Consequences / Re: COVID-19
« on: July 17, 2020, 09:18:11 PM »
Through reading through some of the posts here I cannot help but conclude that the general consensus of a number of the members here seems to be that eventually, the virus will go away.

Alternatively, the opinion is that through control measures it will be eradicated.

What I fail to see is an acknowledgment that it has an R0 value of some of the most virulent pathogens humans have ever dealt with.

The CDC published a paper indicating the R0 value in crowded places is nearly 6.0 (95%CI of 4-9)

That's almost higher than Smallpox.

You cannot eradicate a virus this easily spread in droplets/air without a vaccine, 100% mask wearing, or extreme lockdown measures.   

Oh, but what if everyone wears masks, and socially distances themselves - I hear the devil's advocate saying.

Oh yeah?  You expect us to just wear masks for the rest of our lives?  Americans certainly won't and as long as international travel is possible, Americans will spread the virus everywhere else.  It's also now endemic in Brazil, China, and India and South America in general.

The virus is permanent, and our lives are permanently changed.  With an R0 value as high as smallpox, and a 10%+ hospitalization rate, our way of life is possibly over.

Yes, the Pandemic has probably changed things for ever, but that does not mean that there are not huge areas, and large swathes of the population where the virus is not endemic, yet, and could be eliminated. In that case, where most countries eliminate Covid, there will emerge two worlds, one where borders are very tight, hand hygiene is vastly improved and masks are worn indoors and where distancing is not possible, but otherwise life is relatively normal. Elsewhere....well, we are seeing how that is unfolding in America. Sickness, death and mayhem, but otherwise, no distancing requirements, no masks and gloriously dirty hands!

The rest / Re: Astronomical news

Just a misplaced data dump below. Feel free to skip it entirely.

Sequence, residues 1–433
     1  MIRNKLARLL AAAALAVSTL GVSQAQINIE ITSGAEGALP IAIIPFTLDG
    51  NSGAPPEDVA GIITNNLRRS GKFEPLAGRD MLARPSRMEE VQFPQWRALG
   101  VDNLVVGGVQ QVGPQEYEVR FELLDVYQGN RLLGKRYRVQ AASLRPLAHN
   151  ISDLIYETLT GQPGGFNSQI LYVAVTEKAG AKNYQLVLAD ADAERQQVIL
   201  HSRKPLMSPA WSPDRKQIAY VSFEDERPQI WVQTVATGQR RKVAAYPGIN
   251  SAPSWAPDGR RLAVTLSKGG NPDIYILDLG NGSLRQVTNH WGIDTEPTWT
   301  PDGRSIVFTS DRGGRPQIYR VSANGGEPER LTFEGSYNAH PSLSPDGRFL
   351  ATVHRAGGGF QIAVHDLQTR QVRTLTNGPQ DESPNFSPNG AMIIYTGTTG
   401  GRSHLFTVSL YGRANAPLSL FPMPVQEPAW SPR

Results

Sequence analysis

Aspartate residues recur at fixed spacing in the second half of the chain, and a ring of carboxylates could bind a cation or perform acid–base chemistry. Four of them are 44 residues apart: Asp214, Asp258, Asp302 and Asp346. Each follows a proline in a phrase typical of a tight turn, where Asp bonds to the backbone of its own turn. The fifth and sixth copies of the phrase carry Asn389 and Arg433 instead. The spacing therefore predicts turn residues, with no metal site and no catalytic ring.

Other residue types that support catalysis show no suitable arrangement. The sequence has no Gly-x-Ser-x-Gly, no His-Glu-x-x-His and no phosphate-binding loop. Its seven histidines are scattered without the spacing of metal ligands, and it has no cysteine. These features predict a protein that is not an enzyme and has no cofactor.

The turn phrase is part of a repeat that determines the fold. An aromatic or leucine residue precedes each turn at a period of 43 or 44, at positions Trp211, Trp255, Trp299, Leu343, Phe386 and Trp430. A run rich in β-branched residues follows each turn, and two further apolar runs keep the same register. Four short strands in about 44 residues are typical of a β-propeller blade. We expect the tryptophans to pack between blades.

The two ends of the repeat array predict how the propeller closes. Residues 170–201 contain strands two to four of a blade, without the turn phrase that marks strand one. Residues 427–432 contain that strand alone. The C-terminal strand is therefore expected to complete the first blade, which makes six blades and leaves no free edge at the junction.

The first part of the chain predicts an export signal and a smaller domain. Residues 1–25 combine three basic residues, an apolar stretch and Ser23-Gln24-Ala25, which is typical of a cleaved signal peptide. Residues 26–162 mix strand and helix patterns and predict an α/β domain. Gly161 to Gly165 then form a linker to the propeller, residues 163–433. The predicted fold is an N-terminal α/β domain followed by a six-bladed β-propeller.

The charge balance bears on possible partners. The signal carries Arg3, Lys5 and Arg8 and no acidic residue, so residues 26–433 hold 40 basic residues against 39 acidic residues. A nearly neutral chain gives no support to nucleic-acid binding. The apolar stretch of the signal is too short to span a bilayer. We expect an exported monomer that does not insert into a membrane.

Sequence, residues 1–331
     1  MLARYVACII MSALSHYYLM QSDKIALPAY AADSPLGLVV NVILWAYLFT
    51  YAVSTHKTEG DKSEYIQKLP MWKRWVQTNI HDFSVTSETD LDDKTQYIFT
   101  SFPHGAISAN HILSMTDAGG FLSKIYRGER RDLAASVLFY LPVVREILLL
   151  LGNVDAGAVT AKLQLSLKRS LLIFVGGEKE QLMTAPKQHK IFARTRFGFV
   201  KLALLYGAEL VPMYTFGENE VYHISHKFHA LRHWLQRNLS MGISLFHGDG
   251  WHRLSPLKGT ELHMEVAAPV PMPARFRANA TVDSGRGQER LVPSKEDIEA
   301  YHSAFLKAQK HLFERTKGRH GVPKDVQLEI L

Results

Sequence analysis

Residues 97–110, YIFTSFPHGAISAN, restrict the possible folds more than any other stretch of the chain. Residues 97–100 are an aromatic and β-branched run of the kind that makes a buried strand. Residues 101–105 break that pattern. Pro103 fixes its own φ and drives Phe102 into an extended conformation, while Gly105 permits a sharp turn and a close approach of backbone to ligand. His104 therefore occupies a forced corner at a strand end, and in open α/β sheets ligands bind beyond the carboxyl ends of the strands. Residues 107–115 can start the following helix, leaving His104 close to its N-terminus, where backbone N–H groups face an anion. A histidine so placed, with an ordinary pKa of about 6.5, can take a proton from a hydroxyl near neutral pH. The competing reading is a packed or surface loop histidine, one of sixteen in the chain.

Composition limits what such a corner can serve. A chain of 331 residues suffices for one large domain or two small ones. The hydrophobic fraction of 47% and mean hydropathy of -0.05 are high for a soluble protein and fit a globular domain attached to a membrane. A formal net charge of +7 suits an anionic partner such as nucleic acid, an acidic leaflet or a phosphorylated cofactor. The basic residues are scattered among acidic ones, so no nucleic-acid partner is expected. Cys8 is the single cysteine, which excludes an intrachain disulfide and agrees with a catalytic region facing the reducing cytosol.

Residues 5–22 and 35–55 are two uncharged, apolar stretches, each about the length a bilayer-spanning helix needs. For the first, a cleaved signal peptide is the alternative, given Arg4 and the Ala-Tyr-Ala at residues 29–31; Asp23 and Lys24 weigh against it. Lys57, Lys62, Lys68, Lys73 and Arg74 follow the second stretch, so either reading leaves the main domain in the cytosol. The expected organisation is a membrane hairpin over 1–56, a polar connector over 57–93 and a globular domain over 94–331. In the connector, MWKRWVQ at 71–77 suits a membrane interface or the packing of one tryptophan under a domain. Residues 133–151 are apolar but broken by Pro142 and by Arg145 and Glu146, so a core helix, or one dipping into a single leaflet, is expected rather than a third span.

« on: July 17, 2020, 08:48:27 PM »
Very cool! I wonder what the night sky looked like back then? With stars so close we could exchange asteroids?

Policy and solutions / Re: Lessons from COVID-19
« on: July 16, 2020, 06:07:47 PM »
Lessons from Covid-19 in my view have been the following:

* ecological crisis - from which corona ultimately derives from - has firmly hit the entire industrial civilization and nobody can say with a straight face any more that global problems don't affect them. Well, theoretically of course they *could* say, but deep down they would know it's not true.

* the era of uncertainty has been properly kick-started. A year ago nobody would have predicted covid-19, but here we are. Let's see, what will be happening a year from now onwards, etc. There won't be a "rest" for humanity any more. Just more and more problems keep coming with each passing year to deal with.
NOT TRUE- Johns Hopkins led three major pandemic preparation scenarios. They were so prescient that some think this pandemic is a conspiracy...

* fragmentation of the world has sped up. This has been a "test" or "warm-up" of countries locking themselves in, going into isolation, etc. We will see more and more of each country protecting themselves due to mounting global problems, with international order gradually breaking down.

* I don't think we have seen full economic effects yet as they keep mounting, but the gradual process of dismantling the global industrial civilization has started.
TRUE The pandemic has exposed the fragility of the just-in-time global economic model.

* as far as humans are concerned, they are hopeless as ever in grasping the implications of the situation, so nothing to see there. The majority of population think that "soon we will go back to normal and from there onwards it would be good life again". Well, they will be repeating the same thing after every climate and ecological problem we face literally till death.